DATE: 1998-12-01



Expert contribution


Proposal to encode mathematical variant tags


Murray Sargent III












Paper and html



A. Administrative

1. Title

Proposal to encode mathematical variant tags

2. Requester's name

Murray Sargent III

3. Requester type

Expert request.

4. Submission date


5. Requester’s reference

Scientific and Technical Information Exchange (STIX)

6a. Completion

Complete proposal

6b. More information to be provided?

If requested


B. Technical -- General

1a. New script? Name?


1b. Addition of characters to existing block? Name?


2. Number of characters


3. Proposed category


4. Proposed level of implementation and rationale

Level 3 since math variant tags qualify the base letter they follow

5a. Character names included in proposal?

10 are defined. Recommended to reserve 6 to have a group of 16

5b. Character names in accordance with guidelines?


5c. Character shapes reviewable?


6a. Who will provide computerized font?

None needed

6b. Font currently available?

None needed

6c. Font format?


7a. Are references (to other character sets, dictionaries, descriptive texts, etc.) provided?


7b. Are published examples (such as samples from newspapers, magazines, or other sources) of use of proposed characters attached?

Not attached, but available.

8. Does the proposal address other aspects of character data processing?



C. Technical -- Justification

1. Contact with the user community?

Yes. Patrick Ion, Barbara Beeton, Murray Sargent III

2. Information on the user community?

Professional mathematicians, physicists, astronomers, engineers, and other scientific and technical researchers.

3a. The context of use for the proposed characters?

Used in publication of research mathematics and other hard sciences.

3b. Reference


4a. Proposed characters in current use?


4b. Where?

Worldwide, by scientific and technical publishers.

5a. Characters should be encoded entirely in BMP?


5b. Rationale

Accurate publication of mathematical and scientific research on the Web is impossible without a comprehensive and accurate collection of symbols including various alphabetic variants in common use. Allocation in the BMP is in accordance with the Roadmap.

6. Should characters be kept in a continuous range?


7a. Can the characters be considered a presentation form of an existing character or character sequence?

No. The math variant tags modify the base character they follow in a way that changes that character’s semantics, i.e., it’s a different character when followed by a math variant tag than it is when it isn’t followed by such a tag.

7b. Where?


7c. Reference


8a. Can any of the characters be considered to be similar (in appearance or function) to an existing character?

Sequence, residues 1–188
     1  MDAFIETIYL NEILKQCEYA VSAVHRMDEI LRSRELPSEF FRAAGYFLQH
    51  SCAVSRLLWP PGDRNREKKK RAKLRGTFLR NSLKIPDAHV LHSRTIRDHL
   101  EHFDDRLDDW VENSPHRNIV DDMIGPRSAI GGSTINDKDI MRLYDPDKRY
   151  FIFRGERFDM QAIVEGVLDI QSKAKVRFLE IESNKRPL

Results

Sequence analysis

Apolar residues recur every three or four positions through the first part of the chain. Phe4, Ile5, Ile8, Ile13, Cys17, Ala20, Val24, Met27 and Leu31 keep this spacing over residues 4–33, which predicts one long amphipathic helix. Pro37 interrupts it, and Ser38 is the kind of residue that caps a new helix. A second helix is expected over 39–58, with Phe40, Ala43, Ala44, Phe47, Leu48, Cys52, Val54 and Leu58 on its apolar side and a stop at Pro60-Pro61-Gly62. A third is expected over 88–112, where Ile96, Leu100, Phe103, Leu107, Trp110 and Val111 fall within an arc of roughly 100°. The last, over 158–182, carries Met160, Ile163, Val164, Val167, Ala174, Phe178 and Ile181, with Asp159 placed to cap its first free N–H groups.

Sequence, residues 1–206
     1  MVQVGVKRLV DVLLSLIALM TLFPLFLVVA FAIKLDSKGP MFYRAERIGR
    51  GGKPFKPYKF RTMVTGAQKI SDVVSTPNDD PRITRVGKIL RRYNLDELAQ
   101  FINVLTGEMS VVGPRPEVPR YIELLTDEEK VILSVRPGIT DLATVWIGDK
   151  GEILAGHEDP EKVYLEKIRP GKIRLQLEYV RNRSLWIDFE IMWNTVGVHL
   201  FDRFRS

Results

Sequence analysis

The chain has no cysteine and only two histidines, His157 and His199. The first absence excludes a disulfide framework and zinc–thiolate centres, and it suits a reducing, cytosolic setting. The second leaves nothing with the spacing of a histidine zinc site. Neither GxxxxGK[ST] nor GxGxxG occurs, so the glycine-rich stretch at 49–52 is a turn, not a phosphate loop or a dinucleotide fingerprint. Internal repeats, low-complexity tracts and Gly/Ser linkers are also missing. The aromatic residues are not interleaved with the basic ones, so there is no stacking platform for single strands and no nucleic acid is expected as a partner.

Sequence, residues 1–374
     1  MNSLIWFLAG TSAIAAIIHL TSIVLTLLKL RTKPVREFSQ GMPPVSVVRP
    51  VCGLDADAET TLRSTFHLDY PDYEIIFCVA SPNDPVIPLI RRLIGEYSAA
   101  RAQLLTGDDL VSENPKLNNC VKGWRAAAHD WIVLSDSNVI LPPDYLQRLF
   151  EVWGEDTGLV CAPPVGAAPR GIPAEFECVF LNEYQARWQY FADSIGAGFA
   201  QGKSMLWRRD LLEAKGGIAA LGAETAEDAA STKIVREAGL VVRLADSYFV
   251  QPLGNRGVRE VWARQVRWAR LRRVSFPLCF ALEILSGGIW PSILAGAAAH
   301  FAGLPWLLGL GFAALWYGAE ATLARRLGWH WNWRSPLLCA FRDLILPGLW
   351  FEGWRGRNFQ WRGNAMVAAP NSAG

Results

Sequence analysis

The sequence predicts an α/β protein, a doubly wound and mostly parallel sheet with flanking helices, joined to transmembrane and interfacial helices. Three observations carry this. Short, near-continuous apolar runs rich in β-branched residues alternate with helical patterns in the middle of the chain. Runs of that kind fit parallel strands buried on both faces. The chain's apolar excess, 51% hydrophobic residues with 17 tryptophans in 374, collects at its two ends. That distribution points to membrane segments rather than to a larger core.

8b. Where?


8c. Reference


9a. Combining characters or use of composite sequences included?


9b. List of composite sequences and their corresponding glyph images provided?

A list is provided below, but the corresponding glyphs are well known and are omitted.

10. Characters with any special properties such as control function, etc. included?

All the characters are modifier characters, which is a kind of control nature.


D. SC2/WG2 Administrative

To be completed by SC2/WG2

1. Relevant SC 2/WG 2 document numbers:


2. Status (list of meeting number and corresponding action or disposition)


3. Additional contact to user communities, liaison organizations etc.


4. Assigned category and assigned priority/time frame


Other Comments



Mathematics has need for a number of Latin and Greek alphabets that on first thought appear to be font variations of one another, e.g., normal, bold, italic and script H.  However in any given document, these characters have distinct mathematical semantics.  For example, a normal H represents a different variable from a bold H, etc.  If one drops these distinctions in plain text, one gets gibberish.  Instead of the well-known Hamiltonian formula


            H = ∫dτ(εΕ² + μH²),


you’d get the integral equation (!)


H = ∫dτ(εE² + μH²).


Accordingly, the STIX project requests adding normal, bold, italic, script, etc., Latin and Greek alphabets.  Straight encoding would amount to many characters and would lose some useful common information, such as all variants of H might not be recognizable as H’s.  But it does allow plain text to retain the proper character semantics and it allows simple (nonrich) search methods to work.


A more useful encoding that still allows simple search algorithms to work employs “math variant tags”, which act in some ways like nonspacing combining marks.  For example, a math script H would be encoded as H<math script>.  Encountering such a combination, a rendering engine should choose some script font to render the H.  Which script font is beyond the scope of plain text.


By default, math alphabetic characters would be considered to be Roman characters (serifs, not bold, not italic).  To change this status, I propose reserving a block of 16 math variant tags with the following values defined:


0.      math italic

1.      math bold

2.      calligraphic (script)

3.      fraktur

4.      open-face

5.      sans-serif

6.      monospace


Zero or more such tags can follow a base character.  So a math bold italic H would be encoded as H<math italic><math bold> or as H<math bold><math italic>. For the simplest “math-unaware” search algorithms to match a given string, it’s desirable to standardize on a given order, namely the one above.  But a slightly more sophisticated algorithm can encode the tags as bits and match random orders.


To allow for other cases not currently given, it’s desirable to reserve a block of 16 such math tags.